Organizations in regulated industries—such as finance, banking, energy, and healthcare—are facing the challenge of maintaining compliance with regulations, standards and jurisdictions that impact their operations. These regulations dictate security and privacy requirements and cover all aspects of the organizations' business. One common denominator across all these regulations and standards is the requirement for trusted access to corporate resources—including connections and automations governed by SSH machine identities.
Compliance is a critical component of any security program. The concept is to obtain evidence of compliance with stated policies, standards, laws, and regulations before issuing the proper attestations as required. However, compliance is only a point in time and is directly impacted by the ever changing and always evolving business environment. Changes may include the introduction of new technologies, the expansion of production environments or the adoption of new regulatory requirements, such as the Schrems II decision.
The constantly changing business environment makes compliance not a one-off exercise, rather a continuous process to demonstrate sustainable compliance over time. Hence, regulatory compliance is a great challenge for all organizations, but it is also a game changer, an enabler of reliable, safe, and quality products and services. It is a competitive advantage which builds trust between the business and their customers.
The increasing number of data breaches and the impact these attacks have not only on organizations but also on citizens, have resulted in the development and enforcement of several data protection regulations.
The HIPAA Security rules along with the HITECH act are actively being audited in healthcare organizations to ensure compliance. These acts require that access to electronic Protected Health Information (ePHI) must be controlled and authorized while data is at rest, in use and in transit.
In the financial and banking sector, the Payment Card Industry (PCI) Data Security Standards (DSS) define how merchants and acquirers must protect card holder data. The twelve domains of PCI DSS cover a wide range of security requirements that are designed to protect card holder data from point of creation to destruction or obsolescence.
In the same sector, Sarbanes-Oxley, which is also referred to as SOX, requires all financial organizations to identify and implement internal controls to ensure effectiveness of their financial statements and attestations. The controls are designed to ensure effectiveness of key controls such as logical access, privileged access, segregation of duties and much more.
Finally, the EU GDPR, the Californian CCPA and numerous other privacy regulations across the globe require organizations that store and process personal data to establish security, transparency and accountability controls for the protection of this sensitive data. Failure to do so will result in huge penalties.
The common goal of the above regulations is to ensure trusted access to protected data. The purpose is to ensure that access to protected data is authorized and approved. To achieve that, organizations need to enforce the principle of least or minimal privileges which requires that access to information is only granted as necessary and required for its legitimate purpose.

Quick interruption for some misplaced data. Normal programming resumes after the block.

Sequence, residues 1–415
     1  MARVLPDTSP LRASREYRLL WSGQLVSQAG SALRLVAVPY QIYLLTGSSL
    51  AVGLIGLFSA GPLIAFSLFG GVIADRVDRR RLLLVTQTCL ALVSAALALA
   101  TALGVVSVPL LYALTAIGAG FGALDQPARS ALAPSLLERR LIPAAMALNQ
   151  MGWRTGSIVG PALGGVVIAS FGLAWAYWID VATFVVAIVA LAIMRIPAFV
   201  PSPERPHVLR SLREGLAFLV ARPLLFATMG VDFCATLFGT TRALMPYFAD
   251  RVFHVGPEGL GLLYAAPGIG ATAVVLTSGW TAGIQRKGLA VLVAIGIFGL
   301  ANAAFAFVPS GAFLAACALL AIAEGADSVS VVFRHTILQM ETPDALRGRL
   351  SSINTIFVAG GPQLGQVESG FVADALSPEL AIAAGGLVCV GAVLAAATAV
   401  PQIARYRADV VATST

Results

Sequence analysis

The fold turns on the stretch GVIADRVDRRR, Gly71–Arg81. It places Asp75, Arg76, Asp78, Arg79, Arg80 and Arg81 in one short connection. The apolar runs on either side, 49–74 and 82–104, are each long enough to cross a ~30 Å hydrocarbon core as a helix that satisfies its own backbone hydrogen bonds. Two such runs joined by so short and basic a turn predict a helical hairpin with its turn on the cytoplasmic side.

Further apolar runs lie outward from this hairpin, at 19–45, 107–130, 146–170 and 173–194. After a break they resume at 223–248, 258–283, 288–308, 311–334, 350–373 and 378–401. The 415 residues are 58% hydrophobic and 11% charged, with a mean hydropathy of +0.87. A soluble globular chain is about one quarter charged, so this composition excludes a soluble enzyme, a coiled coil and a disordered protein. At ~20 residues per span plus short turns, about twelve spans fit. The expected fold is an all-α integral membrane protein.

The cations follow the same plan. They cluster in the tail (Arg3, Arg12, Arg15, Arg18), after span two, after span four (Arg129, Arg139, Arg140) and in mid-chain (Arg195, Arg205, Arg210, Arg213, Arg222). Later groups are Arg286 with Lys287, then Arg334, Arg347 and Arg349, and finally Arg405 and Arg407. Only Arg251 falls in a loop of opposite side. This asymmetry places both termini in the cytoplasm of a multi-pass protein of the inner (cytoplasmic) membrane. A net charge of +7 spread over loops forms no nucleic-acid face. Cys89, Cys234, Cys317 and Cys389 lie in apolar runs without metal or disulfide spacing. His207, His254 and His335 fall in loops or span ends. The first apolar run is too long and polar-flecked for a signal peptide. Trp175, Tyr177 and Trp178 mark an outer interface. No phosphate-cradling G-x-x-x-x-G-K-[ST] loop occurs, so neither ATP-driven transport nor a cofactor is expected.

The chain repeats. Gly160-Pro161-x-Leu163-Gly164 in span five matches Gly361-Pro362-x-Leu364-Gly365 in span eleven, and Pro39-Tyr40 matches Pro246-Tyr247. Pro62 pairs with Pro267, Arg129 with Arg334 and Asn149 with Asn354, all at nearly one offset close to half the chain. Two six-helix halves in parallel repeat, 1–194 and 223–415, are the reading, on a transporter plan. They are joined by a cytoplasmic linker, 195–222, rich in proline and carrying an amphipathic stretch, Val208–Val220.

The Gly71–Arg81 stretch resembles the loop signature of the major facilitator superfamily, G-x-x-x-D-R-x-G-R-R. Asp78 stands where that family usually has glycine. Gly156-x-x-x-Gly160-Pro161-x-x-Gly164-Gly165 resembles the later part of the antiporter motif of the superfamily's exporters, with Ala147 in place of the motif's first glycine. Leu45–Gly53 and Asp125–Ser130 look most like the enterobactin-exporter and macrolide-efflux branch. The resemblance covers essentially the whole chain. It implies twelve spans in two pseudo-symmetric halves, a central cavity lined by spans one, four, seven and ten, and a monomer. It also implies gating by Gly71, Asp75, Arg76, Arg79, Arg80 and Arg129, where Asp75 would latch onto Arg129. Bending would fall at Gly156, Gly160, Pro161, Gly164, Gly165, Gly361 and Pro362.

This is exactly the objective of SSH keys. An SSH key is an access credential. Technically the SSH machine identities are cryptographic keys using public key encryption. However, functionally they are authentication credentials and need to be managed as such.
SSH machine identities grant access and security teams should control who can access what resource. Therefore, SSH keys are used in identity and access management (IAM), and they should afford the same policies for provisioning, rotation and termination as other credentials. Organizations cannot safeguard the confidentiality, integrity, and availability of their systems and data if they cannot control and manage effectively their SSH keys to enforce the required level of authenticity, privacy and security.
Despite the importance of SSH machine identities for maintaining regulatory compliance, the keys are often not managed effectively and are considered the elephant in the room. SSH key management has been neglected, creating serious security gaps that criminals are willing to take advantage to compromise sensitive data or infiltrate corporate systems. Organizations must act and assess their SSH key ecosystem and establish procedures to inventory, control, remediate and govern SSH machine identities within their environments.
It is therefore imperative to maintain strong standards and best practices for securing the SSH keys. NIST has published the NISTIR 7966 report, titled “Security of Interactive and Automated Access Management Using Secure Shell (SSH),” which offers guidance for organizations and businesses on adequate controls for SSH key management. The NIST recommendations emphasize on SSH key inventory, vulnerabilities identification, risk remediation, continuous monitoring, and key rotation.
The effective establishment of these best practices require a comprehensive SSH machine identity management solution that provides full visibility and leverages automation to manage and enforce policies. Venafi’s SSH Protect discovers where SSH keys are in your environments, as well as the strengths or weaknesses of their configurations. Automated SSH key lifecycle management empowers you to secure and streamline your SSH machine identities and the connections they enable.